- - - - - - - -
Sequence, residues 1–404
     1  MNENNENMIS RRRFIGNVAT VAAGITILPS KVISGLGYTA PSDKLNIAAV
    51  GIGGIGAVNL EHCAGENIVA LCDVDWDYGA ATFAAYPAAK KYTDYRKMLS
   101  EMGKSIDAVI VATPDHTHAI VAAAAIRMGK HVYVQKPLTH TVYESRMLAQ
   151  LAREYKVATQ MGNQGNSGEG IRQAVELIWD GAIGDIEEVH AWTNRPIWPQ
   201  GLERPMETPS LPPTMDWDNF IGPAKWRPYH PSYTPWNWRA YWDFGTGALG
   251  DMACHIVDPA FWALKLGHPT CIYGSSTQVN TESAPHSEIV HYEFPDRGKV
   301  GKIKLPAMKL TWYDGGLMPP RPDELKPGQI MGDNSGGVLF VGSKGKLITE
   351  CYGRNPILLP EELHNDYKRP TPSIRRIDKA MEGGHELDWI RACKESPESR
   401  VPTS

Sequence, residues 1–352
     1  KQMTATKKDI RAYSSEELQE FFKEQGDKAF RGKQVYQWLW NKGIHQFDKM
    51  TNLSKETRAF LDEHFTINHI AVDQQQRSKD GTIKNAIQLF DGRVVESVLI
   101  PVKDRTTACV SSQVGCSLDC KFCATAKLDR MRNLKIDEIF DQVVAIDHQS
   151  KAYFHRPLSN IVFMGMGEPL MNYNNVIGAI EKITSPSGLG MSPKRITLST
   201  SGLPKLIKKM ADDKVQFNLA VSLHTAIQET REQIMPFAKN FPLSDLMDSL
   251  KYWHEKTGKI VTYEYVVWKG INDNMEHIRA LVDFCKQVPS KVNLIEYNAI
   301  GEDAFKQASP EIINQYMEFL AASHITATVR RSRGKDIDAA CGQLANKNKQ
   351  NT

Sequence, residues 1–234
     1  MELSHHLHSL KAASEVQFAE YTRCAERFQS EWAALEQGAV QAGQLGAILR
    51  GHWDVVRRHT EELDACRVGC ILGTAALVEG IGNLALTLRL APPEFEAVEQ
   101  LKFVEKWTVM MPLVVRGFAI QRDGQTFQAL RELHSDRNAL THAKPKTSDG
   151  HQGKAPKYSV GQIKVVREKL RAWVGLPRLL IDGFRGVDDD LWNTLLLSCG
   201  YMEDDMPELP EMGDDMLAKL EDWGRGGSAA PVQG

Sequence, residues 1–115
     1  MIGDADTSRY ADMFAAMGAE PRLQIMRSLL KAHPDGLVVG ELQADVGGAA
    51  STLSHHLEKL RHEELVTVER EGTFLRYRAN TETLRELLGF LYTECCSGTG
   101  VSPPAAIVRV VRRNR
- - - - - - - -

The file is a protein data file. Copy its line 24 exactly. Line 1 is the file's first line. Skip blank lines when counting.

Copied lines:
   151  HQGKAPKYSV GQIKVVREKL RAWVGLPRLL IDGFRGVDDD LWNTLLLSCG